In fact, as the enemies of the Catholic name borrow their warlike preparations from philosophic method, when they begin their attacks on religion, so the defenders of the science of God borrow many weapons from the stores of philosophy, by which to defend the dogmas of revelation. Again, we must count it no small victory for the Christian Faith, that human reason powerfully and promptly wards off those very weapons of the enemy which have been got together by the skill of the same human reason for purposes of harm. St. Jerome, writing to Magnus, shows how the Apostle of the Gentiles himself adopted this kind of argument. 'Paul, the leader of the Christian army and the unanswered speaker, pleading a cause for Christ, turns skilfully even a chance inscription into an argument for the faith. From the true David he had learnt indeed how to pluck the weapon from the hands of his enemies, and how to cut off the head of Goliath in his greatest pride with his own sword.'

Nay, more; the Church herself not only advises Christian teachers, but commands them to draw this safeguard from philosophy. For the fifth Later an Council decreed that 'every assertion contrary to a truth of enlightened faith is altogether false, because the truth cannot possibly contradict the truth': and then it commands doctors of philosophy to apply themselves studiously to the refutation of fallacious arguments; for St. Augustine says: 'If any reason be given against the authority of the Holy Scriptures, then, however subtle it may be, it deceives by its likeness to the truth; for true it cannot possibly be.'

But if philosophy has to be found equal to the work of bringing forth such precious fruits as We have mentioned, it must, above everything, take care never to wander from the path trodden by the venerable antiquity of the Fathers, and approved in the Vatican Synod by the solemn suffrage of authority. It is plainly seen that we must accept many truths in the supernatural order which far surpass the power of any intellect. The human reason, therefore, conscious of its own weakness, must not dare to handle things greater than itself; nor to deny these truths. Again, it must not measure them by its own strength, or interpret them at its own will. Rather let it receive them in the fulness and humility of Faith; reckoning this its greatest honour, that by the goodness of God it is allowed as a handmaid and servant to be busied about heavenly doctrines, and in a certain measure to reach them.

In those heads of doctrine, however, which the human understanding naturally can take in, it is clearly just that philosophy should use its own method, its own principles, and its own arguments: yet not so as to seem to draw itself away with audacity from the authority of God. So, also, when it is plain that things known to us by revelation are most certainly true, and that the arguments brought against the Faith are not in accord with right reason, the Catholic philosopher should bear in mind that he will violate the rights both of Faith and reason, if he embrace any conclusion which he understands to be contrary to revealed doctrine.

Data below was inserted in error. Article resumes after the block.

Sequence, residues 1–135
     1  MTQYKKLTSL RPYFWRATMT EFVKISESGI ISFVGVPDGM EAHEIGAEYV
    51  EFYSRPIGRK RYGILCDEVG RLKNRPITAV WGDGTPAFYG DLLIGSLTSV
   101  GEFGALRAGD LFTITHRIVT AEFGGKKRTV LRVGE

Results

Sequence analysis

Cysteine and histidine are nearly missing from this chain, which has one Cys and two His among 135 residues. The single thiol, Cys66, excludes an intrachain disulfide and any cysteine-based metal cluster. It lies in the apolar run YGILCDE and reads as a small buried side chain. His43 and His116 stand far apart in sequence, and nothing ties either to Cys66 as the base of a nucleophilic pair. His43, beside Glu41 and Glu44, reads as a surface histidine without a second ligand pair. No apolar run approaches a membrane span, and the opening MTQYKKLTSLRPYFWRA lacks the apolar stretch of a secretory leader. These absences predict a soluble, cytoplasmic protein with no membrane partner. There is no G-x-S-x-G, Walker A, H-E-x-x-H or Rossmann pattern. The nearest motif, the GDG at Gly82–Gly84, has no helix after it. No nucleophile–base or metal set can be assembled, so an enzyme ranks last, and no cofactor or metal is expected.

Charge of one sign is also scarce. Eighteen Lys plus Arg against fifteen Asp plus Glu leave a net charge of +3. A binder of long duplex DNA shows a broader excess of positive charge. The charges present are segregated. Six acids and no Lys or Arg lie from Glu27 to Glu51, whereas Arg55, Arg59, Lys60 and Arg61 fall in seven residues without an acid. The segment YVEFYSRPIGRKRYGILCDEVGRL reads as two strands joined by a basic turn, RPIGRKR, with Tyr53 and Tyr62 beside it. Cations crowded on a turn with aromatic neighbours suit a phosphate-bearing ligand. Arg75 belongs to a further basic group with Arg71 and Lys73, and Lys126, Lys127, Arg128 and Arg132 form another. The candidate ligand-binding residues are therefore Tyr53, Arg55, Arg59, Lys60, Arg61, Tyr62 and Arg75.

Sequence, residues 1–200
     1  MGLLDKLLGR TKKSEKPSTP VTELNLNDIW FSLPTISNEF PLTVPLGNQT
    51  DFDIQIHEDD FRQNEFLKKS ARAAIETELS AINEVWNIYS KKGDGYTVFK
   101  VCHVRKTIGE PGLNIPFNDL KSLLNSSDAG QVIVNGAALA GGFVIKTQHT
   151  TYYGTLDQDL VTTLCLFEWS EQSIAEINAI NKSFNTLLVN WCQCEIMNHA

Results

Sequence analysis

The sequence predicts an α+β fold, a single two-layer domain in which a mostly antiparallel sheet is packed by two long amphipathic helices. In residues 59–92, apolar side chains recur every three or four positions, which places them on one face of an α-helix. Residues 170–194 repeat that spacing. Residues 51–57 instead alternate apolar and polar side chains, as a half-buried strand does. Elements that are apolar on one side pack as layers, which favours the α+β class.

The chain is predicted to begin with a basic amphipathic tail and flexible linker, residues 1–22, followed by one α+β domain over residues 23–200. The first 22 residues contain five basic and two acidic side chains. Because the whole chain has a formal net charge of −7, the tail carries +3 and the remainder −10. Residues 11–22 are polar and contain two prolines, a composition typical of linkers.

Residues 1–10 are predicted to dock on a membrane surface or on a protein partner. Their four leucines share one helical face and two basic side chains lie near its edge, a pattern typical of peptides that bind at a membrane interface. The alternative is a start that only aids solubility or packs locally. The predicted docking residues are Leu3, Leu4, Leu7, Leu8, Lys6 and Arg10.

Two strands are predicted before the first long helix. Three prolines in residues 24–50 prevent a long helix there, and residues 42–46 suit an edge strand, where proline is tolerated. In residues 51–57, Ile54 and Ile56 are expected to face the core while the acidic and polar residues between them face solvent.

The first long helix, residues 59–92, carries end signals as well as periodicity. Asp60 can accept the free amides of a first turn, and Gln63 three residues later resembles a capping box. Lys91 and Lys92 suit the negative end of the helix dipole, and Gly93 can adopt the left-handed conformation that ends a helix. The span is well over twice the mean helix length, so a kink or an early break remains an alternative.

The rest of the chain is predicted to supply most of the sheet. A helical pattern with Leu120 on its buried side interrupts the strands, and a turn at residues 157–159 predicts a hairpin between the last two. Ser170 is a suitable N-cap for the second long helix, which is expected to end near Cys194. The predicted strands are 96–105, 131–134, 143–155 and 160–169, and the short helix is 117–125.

We know indeed that there are to be found men who, exalting too highly the powers of human nature, contend that the understanding of man falls from its native dignity when it becomes subject to Divine authority, and that being thus bound, as it were, in a yoke of slavery, it is greatly retarded and hindered from reaching the heights of truth and excellence. Such teaching as that is full of error and falsehood. The end of it is that men, in the height of folly and sinful thanklessness, reject all higher truths. They deliberately cast away the Divine blessings of faith, from which the streams of all good flow, even to civil society. Now, the mind of man is shut up and held in certain bounds, and narrow enough those boundaries are. The consequence is that it falls into many mistakes and is ignorant of many things. On the other hand, the Christian Faith, resting as it does on the authority of God, is the certain teacher of truth. He who follows this guidance is neither entangled in the nets of error nor tossed about on the waves of doubt. Hence the best philosophers are they who join philosophical study with the obedience of the Christian Faith. Then the brightness of Christian truths falls on the mind, and by that brightness the understanding itself is helped. This takes nothing from the dignity of the reason; nay, rather, it adds to the reason a great deal of grandeur and subtlety and strength.